Seniors, Whole Health

Strength Training Basics – For Seniors

We start losing muscle after the age of 40.  Resistance training, AKA strength training, works to prevent this muscle loss and helps to maintain and build healthy bones.

During strength training muscle pulls against bone.  The force of the muscle pulling against the bone stimulates bone building  and improves calcium retention.  This increased strength will help to:

  • prevent falls
  • climb stairs
  • get up out of a chair
  • increase muscle elasticity
  • strengthen connective tissue, tendons, and ligaments.

In general, exercise and strength training will improve quality of life by helping to slow down and even reversing some diseases that are caused by a sedentary lifestyle such as: type 2 diabetes, osteoporosis, heart and metabolic disease.

Just starting out?

Begin slowly.  Start with no weight or very little weight and then slowly increase the amount of weight.  This is called Progressive Overload, progressively placing greater demands on the muscles and bone.

Increase loads as is comfortable.  Resistance bands or household items such as cans of soup, bags of rice or potatoes can are a good alternative to using dumbbells.

Do enough repetitions so that the muscles become too tired to lift any more.  This is referred to as training to failure (momentary muscle failure).

Aim for three sets of 8 to 10 reps.  When the exercise becomes too easy, either increase the amount of the weight or add more reps.  Lifting lighter weights for more repetitions is just as effective as heavy ones for fewer reps.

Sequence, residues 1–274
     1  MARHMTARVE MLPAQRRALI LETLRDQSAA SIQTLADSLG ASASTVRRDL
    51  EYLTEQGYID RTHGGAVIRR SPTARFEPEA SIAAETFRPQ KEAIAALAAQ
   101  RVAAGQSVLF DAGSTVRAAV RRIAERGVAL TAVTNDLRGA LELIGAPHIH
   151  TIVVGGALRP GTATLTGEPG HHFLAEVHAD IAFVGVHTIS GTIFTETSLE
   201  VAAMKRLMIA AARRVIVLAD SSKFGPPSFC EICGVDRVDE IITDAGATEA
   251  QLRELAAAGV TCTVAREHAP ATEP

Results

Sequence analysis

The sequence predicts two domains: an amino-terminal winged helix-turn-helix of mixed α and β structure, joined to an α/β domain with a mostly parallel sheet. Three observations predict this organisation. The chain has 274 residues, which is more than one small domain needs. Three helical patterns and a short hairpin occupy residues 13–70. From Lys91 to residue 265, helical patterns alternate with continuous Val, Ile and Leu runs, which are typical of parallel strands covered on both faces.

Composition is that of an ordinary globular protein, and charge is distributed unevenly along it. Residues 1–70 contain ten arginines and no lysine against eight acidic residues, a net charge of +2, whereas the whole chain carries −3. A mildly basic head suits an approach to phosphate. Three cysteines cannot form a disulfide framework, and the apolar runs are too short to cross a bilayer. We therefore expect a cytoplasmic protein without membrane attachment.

Try to perform at least 30 minutes of weight-bearing exercises once a week.  You will, no doubt, experience muscle soreness – sometimes not until a day or two later.

Muscle soreness is not necessarily a bad thing.  It is an indication that the body is becoming stronger.  However, do not over-do it, and be sure to give the body plenty of time to recover from an exercise routine.

Also, exercise recovery tends to take longer as we age.  For people with lower bone mass, exercises such as walking or low-impact aerobics is a safe choice.

For most people, exercise should not be a problem.  However, for some individuals increasing their level of physical activity can have an adverse effect.   These people may need to seek medical advice concerning the most suitable type of activity to fit their needs.

Please consult with your professional healthcare provider before beginning any new exercise regimen as to whether the activity/exercise is appropriate for you.  Strength training exercises for older adults may include squats, deadlifts, lunges and overhead presses.  Over time, increase weight to increase difficulty and intensity.  Examples:

Shrug2  Shrug

  1. Stand up straight with feet shoulder width apart and knees slightly bent.
  2. Hold dumbbells in each hand with palms facing in (toward torso).
  3. Keeping arms straight, elevate (raise up) shoulders high.  Pause.
  4. Lower shoulders back down to normal position. That is 1 rep.
  5. Do 10 – 15 reps.

UprightRow  Upright Rows

Increase strength in both the back and upper arms.  Improve shoulder range of motion shoulders and elbow joint mobility.

  1. Stand with good posture; feet are about shoulder width apart, knees slightly bent.
  2. Hold dumbbells in each hand in front of torso.
  3. Leading with the elbows, lift the weights together upward toward the chin. Or alternate lifting one hand at a time.
  4. Keep abs tight, using your core muscles.  Do not arch back.
  5. Return to starting position.  That’s one rep.
  6. Repeat for 10 reps.

DeltoidRaise  Front Deltoid Raise

  1. Stand with good posture; feet are about shoulder width apart, knees slightly bent.
  2. Hold the dumbbells in front of your thighs, palms facing thighs.
  3. Keeping arms straight raise the dumbbells at arm’s length overhead.
  4. Slowly return to the starting position.
  5. Repeat for 8 – 10 repetitions for each arm.

Squat  Plie Squat (Dumbbell Between Feet)

  1. To start, sand straight up with feet wider than shoulder distance apart.